- By Karen DeCampli, Laura Sentell, Patrick Coyne
- Apr 01, 2001
Since the 1980s, patients needing home therapy really had few options. To receive their medication meant they generally had to remain in an inpatient setting until the completion of that therapy. Cost effectiveness and cost-containment in the health care field brought about a heightened awareness, which is when clinicians began looking for ways to reduce costs or eliminate them altogether.
To better understand how far the options have come, take a quick look at infusion therapy, which is the administration of medications using intravenous subcutaneous and epidural routes into the bloodstream, under the skin and into the membranes surrounding the spinal cord.
Among the therapies administered via infusion are antibiotics, chemotherapy, pain management, parenteral nutrition and immune globulin.
"These are people who don't have the need, nor is it medically necessary for them to be hospitalized," said Chris Mayeax, a registered pharmacist in Natchitoches, La., and specialist in home infusion. "The patients need the medication, but they can be at home and have the medicine administered by a registered IV professional."
Mayeax's background is clearly defined in treating patients and administering their medication at home. Though there are some nationwide companies, infusion therapy has a local flavor no matter where a patient has settled, he said. For instance, Mayeax's Causey Pharmacy has a staff of three nurses who administer IV treatment to patients in the local area.
"Once the physician has initiated treatment and the patient is stable and can be at home, we begin infusion therapy," Mayeax said. "The biggest benefit for the patient other than being at home is the fact that costs are lower. People also have to understand, however, that not every patient is a candidate for infusion therapy."
To understand why some patients receive infusion therapy, an examination of pain management is needed. There are various methods of managing pain though the reasons and objectives of pain management remain the same. It is critical to focus on maximizing pain relief, minimizing central nervous system effects, and preventing and providing early treatment for any adverse effects that do occur.
There are numerous ways to deliver pain management medication.
Subcutaneous: A small needle or catheter is placed into the subcutaneous tissue, usually in the abdominal area, though the thigh and upper arm may be used. There are disadvantages such as volume restrictions, frequent catheter resites and tissue irritation with high drug concentration. Consider, however, the advantages, which include quick catheter placement, ideal for short-term post-operative pain, and a catheter flush is not required.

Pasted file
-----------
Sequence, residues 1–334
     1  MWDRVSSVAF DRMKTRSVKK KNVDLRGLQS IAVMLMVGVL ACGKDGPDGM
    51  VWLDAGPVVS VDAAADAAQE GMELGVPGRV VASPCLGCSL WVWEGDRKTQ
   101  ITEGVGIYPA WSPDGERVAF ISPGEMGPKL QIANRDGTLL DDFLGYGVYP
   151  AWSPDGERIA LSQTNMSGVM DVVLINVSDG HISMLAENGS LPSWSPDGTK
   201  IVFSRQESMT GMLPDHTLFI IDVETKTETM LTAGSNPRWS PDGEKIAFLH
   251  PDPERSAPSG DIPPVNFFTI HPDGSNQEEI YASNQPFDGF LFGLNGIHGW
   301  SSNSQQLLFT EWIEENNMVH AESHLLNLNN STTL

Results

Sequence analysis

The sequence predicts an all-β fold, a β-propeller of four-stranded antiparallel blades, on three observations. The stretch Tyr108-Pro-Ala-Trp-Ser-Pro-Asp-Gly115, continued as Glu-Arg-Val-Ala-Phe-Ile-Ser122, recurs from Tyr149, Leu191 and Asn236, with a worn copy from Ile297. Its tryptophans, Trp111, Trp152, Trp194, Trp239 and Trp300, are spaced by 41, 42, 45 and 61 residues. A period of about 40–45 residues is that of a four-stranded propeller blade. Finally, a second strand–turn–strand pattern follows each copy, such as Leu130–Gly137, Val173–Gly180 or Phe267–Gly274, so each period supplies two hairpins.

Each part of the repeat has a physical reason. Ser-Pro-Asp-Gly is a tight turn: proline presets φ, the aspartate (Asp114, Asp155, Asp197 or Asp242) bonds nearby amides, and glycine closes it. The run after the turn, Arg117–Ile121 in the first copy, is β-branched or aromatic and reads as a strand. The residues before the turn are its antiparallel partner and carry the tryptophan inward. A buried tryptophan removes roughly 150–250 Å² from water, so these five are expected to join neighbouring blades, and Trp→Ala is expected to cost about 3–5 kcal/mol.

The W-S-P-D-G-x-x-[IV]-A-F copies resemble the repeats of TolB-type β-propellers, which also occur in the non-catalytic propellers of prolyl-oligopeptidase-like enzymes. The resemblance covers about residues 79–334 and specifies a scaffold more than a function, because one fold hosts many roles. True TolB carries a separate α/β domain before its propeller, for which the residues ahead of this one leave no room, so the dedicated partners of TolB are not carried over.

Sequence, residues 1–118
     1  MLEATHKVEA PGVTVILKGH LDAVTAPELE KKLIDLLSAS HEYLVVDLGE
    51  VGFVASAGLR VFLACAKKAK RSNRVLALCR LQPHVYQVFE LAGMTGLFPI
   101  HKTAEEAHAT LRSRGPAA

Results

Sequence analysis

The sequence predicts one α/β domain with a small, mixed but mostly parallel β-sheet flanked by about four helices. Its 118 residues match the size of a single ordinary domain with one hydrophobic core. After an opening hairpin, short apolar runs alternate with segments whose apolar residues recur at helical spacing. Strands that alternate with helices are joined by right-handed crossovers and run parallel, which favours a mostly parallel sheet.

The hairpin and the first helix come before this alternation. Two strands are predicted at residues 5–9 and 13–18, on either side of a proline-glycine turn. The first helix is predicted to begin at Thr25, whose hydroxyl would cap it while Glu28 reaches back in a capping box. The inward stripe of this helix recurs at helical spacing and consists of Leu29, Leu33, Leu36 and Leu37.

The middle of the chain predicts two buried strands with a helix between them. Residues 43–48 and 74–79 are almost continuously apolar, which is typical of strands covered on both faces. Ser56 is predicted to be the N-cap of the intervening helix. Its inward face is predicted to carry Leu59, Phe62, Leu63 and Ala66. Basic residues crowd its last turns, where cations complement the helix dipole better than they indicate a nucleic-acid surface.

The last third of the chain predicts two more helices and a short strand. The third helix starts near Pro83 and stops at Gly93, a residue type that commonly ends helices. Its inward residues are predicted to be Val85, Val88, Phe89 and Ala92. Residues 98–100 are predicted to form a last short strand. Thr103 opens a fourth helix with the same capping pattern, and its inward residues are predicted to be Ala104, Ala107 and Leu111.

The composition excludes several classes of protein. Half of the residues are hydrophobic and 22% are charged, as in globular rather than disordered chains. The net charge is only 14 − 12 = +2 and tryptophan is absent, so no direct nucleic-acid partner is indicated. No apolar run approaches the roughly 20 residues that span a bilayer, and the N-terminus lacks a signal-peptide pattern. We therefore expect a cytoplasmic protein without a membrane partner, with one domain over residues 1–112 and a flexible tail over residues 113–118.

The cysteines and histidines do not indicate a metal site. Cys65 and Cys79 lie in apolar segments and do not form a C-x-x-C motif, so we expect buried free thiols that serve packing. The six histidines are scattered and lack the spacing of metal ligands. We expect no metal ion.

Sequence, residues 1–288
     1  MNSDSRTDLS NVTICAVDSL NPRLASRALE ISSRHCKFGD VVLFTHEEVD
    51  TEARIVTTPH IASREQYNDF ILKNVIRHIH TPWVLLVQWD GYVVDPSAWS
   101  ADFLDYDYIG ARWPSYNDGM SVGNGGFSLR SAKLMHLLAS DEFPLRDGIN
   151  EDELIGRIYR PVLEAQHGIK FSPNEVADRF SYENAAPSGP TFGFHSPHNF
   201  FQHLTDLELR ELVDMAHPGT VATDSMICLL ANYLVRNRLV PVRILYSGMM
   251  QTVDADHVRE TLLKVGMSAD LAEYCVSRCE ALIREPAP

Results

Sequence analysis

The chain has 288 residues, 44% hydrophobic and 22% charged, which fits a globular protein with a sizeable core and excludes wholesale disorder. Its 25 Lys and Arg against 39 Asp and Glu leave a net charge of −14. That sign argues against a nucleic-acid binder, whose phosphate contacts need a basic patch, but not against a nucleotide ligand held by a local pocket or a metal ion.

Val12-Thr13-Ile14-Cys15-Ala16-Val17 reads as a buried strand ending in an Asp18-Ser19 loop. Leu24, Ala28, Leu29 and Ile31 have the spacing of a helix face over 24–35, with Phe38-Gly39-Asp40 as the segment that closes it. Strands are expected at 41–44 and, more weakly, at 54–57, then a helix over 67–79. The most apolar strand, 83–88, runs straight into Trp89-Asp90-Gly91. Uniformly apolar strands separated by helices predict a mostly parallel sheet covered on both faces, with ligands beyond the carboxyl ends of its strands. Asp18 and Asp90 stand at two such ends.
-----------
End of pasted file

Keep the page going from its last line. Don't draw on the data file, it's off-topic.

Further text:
Intravenous: One method of intravenous pain management is to use a catheter, usually placed in the hand or arm, that is primarily used to deliver pain medication for short or long term (catheter type varies depending on length of use). Another method is surgically placing a catheter under the skin, which can be used for pain management of any duration. Some of the advantages of intravenous pain management include rapid pain relief, no volume restrictions and a wide choice of analgesics. The
The biggest benefit for the patient other than being at home is the fact that costs are lower. People also have to understand, however, that not every patient is a candidate for infusion therapy.
disadvantages include catheter occlusion, risk of sepsis and catheter flush may overdose the patient.
Epidural: This method is prevalently used as a treatment of chronic back and lower body cancer pain. A catheter is placed in the abdomen and a needle is used for access. Surgically placed epidural catheters are used for long-term pain management. The medicine is then absorbed into fat or blood cells. There are advantages, which include enhanced potency/pain relief, no need for a catheter flush, prolonged analgesic effect and the catheter placement matched to focus on the pain. As with other methods, there are disadvantages, including the risk of meningitis, motor impairment with anesthetics, limited home health support due to interpretation of nursing regulations and volume restrictions.
AIDS therapy: Cytovene for AIDS patients suffering with CMV-Retinitis is available as well as other therapies to combat the AIDS virus and to reduce pain. This pain management procedure should be explored with a person's own personal physician.
Who gets infusion therapy?
Diagnosis commonly requiring infusion therapy include infections that are unresponsive to oral antibiotics; cancer and cancer-related pain; gastrointestinal diseases or disorders which prevent normal functioning of the GI system; congestive heart failure; immune disorders; and growth hormone deficiencies and more.